As someone who has professional technical writing experience, I am often asked to edit or rewrite documents written by other technical professionals such as developers, IT personnel, managers, and so on. The ability to create good functional instructional documents is a skill — just like the ability to write good object-oriented and structured code, to design good database table structures, or to properly articulate a difficult run in a piece of music.
Unfortunately, too many people don’t understand that, which is baffling to me. I’ve seen instances where technicians threw together their poorly organized (and I use that word loosely), badly written notes into a Word document and sent it to a customer, saying “here’s the documentation.” More often than not, technical writers are disrespected, looked down upon, and are often the first ones cut when budget cuts come into play. Too many organization and departments say, “documentation is not a priority.”
The problem is, documentation is and must be a priority.
Not everyone can write. I understand that. By no means do I intend this article to make technical writers out of people; after all, people do this for a living, and a good chunk of my master’s degree revolves around its principles. If an entire degree program focuses on documentation and communication principles, there is no way I can cover it all in a single article. Rather, I’m looking to raise awareness of the documentation skill set and how people can improve the process. My hope is that this article makes life easier for all professionals.
So with that, here are some tips that I’ve established, through many years and projects of painful experience.
Technical documents come in all different flavors, shapes, and sizes. I’ve often asked people the first thing that comes to their mind when I say “technical writing.” I’d guess that, about 95% of the time, they answer either “step-by-step instructions,” “manuals,” or something similar. I’ll often respond: “what about flowcharts, online help, diagrams, org charts, admin guides, user guides, web sites, UX/UI guidelines, ‘blogs, application menus, and so on” (and maybe even a few other things I haven’t thought of).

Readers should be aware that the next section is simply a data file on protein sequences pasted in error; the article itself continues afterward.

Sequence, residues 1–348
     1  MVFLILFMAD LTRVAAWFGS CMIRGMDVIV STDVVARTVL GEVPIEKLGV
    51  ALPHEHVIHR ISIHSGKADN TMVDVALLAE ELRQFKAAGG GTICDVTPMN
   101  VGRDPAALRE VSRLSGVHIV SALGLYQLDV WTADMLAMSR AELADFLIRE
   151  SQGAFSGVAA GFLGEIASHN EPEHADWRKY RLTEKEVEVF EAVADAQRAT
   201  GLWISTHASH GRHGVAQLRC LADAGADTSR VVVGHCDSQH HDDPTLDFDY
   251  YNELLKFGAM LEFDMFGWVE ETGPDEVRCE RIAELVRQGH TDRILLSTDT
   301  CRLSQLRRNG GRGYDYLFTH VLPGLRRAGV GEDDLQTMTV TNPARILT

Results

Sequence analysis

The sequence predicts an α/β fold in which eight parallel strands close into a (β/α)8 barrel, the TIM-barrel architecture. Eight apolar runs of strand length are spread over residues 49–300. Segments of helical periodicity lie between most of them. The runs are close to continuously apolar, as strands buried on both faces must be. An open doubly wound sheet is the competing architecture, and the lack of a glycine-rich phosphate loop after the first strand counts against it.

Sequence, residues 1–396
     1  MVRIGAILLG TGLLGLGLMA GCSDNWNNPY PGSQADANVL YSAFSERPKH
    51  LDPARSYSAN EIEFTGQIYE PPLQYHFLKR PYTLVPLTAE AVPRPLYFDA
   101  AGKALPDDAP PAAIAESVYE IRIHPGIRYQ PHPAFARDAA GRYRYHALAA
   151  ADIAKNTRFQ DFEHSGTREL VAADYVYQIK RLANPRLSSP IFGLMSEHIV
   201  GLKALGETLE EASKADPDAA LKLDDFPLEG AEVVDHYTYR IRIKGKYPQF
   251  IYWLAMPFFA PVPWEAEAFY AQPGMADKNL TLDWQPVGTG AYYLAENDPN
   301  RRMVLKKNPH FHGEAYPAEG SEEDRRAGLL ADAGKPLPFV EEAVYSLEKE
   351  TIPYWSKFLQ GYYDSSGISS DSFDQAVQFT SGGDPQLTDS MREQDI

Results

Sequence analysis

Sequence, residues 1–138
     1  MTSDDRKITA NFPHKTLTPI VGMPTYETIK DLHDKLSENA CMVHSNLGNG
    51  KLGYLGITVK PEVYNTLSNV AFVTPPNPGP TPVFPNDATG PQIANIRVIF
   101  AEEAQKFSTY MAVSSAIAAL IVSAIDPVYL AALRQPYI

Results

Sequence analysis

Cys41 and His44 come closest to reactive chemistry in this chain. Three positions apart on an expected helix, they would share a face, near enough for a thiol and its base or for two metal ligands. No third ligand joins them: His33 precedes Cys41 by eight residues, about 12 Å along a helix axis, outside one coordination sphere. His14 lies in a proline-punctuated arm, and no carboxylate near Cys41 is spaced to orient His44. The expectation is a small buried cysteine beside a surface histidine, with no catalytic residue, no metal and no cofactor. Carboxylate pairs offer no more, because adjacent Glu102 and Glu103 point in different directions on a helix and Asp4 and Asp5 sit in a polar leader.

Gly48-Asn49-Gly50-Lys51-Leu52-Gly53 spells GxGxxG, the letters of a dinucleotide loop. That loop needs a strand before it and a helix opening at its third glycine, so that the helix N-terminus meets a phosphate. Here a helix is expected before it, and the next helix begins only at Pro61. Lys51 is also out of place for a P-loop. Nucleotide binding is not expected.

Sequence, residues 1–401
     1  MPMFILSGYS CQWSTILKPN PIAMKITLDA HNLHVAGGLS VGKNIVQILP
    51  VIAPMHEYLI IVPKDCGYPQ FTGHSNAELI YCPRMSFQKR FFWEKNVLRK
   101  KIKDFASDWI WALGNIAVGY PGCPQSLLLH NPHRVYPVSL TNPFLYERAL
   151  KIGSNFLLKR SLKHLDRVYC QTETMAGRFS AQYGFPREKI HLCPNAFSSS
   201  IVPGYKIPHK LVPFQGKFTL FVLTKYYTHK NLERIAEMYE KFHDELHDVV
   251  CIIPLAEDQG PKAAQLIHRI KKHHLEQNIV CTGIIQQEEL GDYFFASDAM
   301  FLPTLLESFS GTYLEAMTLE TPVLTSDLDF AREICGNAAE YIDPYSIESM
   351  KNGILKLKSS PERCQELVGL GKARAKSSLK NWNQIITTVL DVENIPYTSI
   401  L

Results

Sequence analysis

Know your audience: This may very well be Rule #1 when writing documentation. Above all, you need to know who will be reading your document.
People will have different levels of expertise. They might know some terms, but not know others. The trick is being able to talk to them at their level, while at the same time, not insulting their intelligence.
Don’t tell me how to build the clock! Just tell me what time it is! I once worked for a CTO who was very fond of that quote, but it makes a lot of sense. Far too often, inexperienced “writers” feel like they need to explain every single tidbit of detail when they’re trying to convey an idea. Not only is this unnecessary, it’s counterproductive. Bogging information down with too much detail where it’s not needed makes a document nearly impossible to follow. A good technical document must be able to describe a task in as few words as possible. This is not an easy task (and I’m amazed — and not in a good way — as to how many people think this is not a big deal). Generally, my rule of thumb is, if an instruction cannot be understood or followed quickly and easily (generally within a few seconds, but primarily within a minute), the document has failed.
Having said that, there are times when some documents need to have every detail spelled out (a systems administration guide or reference — which isn’t necessarily meant to be followed quickly — comes to mind). There are exceptions to every rule.